Use of Albert Einstein Image May Be Violation of Right of Publicity

In 2010, General Motors used an image of Albert Einstein in an ad for its Terrain vehicle. The image, which GM licensed from Getty Images, depicted Einstein's head on a muscular, shirtless body with an "e=mc2" tattoo. The image was used by GM in People Magazine's annual Sexiest Man Alive issue. The Hebrew University of Jerusalem, the current owner of Einstein's intellectual property rights, sued General Motors in California, alleging unfair competition under the Lanham Act and California law as well as a violation of the right of publicity. In a recent decision, the California court granted GM's summary judgment on the unfair competition claims, but denied summary judgment on the right of publicity claim.

Applying New Jersey law (as that was where Einstein lived when he died), the court ruled that a postmortem right of publicity exists for celebrities, whether or not the celebrity exploited that right during his or her lifetime. While there was a question of whether Einstein effectively transferred his right of publicity to the University, the court found that there was no question that Einstein, and his rightful heirs, owned such a right. The court found that there was at least a question of fact as to whether GM's use of Einstein's image violated the right of publicity.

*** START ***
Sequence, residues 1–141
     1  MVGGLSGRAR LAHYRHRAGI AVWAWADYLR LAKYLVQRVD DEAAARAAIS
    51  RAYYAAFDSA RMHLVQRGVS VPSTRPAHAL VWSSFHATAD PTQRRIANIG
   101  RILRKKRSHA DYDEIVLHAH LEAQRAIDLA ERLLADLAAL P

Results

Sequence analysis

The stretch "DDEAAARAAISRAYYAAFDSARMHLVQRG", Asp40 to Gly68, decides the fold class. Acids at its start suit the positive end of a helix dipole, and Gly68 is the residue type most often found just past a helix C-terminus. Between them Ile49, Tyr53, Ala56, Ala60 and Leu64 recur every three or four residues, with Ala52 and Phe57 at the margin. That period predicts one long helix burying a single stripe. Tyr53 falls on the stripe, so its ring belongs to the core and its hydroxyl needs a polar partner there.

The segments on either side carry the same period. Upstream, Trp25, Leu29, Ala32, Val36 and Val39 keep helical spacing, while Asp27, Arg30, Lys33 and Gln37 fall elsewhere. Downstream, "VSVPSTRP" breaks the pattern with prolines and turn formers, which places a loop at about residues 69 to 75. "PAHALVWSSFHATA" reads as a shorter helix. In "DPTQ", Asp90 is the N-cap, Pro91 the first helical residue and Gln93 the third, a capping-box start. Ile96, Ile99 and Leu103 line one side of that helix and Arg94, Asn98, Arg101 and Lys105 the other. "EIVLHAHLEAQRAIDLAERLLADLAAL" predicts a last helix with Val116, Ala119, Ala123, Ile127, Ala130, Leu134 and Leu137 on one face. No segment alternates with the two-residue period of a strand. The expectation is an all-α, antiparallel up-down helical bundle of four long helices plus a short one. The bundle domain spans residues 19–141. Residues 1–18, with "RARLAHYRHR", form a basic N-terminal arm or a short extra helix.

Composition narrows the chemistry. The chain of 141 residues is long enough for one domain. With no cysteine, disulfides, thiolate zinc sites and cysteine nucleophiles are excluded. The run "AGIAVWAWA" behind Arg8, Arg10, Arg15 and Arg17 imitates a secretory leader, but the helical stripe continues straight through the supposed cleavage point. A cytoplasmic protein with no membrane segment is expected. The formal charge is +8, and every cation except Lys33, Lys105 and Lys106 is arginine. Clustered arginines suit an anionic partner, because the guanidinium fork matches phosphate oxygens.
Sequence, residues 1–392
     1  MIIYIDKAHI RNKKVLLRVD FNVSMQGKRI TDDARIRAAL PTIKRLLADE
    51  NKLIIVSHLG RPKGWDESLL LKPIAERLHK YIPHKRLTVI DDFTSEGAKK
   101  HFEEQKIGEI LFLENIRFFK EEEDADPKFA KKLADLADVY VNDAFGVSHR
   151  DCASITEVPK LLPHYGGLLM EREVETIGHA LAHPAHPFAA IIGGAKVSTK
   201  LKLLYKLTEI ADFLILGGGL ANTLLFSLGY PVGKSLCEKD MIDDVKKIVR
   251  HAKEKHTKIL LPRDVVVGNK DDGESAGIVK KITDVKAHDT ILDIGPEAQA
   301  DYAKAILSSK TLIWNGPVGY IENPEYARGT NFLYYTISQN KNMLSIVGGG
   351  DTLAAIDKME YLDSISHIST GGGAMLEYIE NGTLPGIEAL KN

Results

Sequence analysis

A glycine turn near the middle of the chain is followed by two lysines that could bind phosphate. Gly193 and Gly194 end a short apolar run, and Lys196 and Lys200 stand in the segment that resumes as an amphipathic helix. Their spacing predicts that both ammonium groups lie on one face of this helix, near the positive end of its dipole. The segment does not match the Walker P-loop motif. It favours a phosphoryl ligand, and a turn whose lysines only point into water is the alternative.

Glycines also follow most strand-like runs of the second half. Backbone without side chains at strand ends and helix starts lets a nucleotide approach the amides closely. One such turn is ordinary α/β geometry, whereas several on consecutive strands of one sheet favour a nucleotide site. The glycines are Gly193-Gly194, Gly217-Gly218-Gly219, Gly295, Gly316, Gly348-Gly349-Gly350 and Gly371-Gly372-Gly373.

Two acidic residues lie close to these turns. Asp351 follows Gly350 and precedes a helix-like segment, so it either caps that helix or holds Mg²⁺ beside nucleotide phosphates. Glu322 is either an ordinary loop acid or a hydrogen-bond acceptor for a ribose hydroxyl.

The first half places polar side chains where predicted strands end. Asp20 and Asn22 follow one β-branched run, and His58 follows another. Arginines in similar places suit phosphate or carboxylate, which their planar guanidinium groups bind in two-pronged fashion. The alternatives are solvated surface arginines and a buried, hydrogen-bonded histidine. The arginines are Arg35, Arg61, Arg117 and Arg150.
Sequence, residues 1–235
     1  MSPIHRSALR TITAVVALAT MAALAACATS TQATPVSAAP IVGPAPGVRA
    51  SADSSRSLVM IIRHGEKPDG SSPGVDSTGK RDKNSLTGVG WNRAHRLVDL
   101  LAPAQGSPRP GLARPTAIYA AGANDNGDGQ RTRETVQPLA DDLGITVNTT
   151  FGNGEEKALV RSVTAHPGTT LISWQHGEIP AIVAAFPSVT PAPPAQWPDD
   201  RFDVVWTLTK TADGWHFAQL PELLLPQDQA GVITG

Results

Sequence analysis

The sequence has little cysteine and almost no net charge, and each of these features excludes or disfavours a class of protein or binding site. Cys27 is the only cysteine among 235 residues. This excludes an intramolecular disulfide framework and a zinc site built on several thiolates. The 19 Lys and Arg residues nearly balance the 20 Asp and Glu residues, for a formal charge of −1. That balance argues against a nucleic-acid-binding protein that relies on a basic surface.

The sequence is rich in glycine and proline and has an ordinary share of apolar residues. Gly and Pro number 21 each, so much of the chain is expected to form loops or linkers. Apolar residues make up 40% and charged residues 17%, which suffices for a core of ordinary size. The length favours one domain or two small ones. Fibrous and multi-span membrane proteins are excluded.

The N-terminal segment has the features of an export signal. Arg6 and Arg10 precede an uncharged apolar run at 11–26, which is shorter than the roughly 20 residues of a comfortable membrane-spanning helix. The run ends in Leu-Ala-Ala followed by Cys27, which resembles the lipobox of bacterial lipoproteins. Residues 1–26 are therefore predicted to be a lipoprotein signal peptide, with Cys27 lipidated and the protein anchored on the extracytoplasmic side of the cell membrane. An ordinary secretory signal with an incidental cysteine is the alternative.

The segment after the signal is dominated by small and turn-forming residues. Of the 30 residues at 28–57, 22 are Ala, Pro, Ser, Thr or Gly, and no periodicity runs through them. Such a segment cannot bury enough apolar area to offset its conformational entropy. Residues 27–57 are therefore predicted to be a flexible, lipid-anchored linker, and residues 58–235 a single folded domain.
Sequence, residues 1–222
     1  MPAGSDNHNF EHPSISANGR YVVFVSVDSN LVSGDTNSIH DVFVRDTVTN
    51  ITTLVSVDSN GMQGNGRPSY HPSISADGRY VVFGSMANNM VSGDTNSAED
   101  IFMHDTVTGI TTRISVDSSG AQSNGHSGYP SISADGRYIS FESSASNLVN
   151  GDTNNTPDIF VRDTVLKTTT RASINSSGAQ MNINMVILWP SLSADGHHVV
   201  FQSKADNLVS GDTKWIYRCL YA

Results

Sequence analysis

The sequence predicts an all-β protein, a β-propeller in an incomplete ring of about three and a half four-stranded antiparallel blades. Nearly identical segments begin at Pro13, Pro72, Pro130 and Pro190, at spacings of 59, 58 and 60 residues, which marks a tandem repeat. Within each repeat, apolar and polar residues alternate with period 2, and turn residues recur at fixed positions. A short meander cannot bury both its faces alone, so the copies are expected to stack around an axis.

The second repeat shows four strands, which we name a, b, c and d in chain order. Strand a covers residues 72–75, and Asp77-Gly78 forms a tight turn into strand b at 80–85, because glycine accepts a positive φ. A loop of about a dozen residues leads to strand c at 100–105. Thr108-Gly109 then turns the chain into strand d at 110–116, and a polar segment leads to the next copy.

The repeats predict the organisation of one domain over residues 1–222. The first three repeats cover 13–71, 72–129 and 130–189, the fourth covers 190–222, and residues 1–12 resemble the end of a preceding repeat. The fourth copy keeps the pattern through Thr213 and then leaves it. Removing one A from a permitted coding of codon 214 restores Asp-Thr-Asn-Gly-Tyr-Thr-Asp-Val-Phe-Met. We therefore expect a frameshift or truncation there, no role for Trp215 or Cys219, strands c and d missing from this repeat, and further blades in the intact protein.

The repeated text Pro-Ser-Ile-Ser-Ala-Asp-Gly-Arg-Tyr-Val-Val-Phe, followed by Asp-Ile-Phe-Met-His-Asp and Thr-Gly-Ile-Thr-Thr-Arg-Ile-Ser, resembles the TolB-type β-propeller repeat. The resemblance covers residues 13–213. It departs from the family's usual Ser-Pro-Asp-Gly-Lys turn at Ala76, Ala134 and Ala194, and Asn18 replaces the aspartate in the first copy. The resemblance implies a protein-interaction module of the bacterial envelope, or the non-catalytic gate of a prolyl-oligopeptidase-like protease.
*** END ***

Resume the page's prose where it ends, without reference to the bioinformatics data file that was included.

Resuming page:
The court granted summary judgment on the University's unfair competition claims, however, finding that consumers would not likely be confused into believing that the University, as the alleged owner of Einstein's intellectual property rights, either sponsored or endorsed GM. The court was persuaded by GM's argument that "[t]he Advertisement does not state expressly (or even imply) that Dr. Einstein (or HUJ) endorsed the Terrain, nor would any reasonable reader reach that conclusion. Instead the Advertisement uses Dr. Einstein's face, superimposed on someone else's body, as a play on People magazine's "Sexiest Man Alive" edition, and to make a light-hearted point about the smart (but "sexy") features of the Terrain."

Regardless of the ultimate outcome of this case, it is important to clear the use of anyone's name and likeness in an advertisement or other promotional materials, even if the person is deceased or is not known to be a celebrity who actively licensed or used his or her name for commercial purposes.

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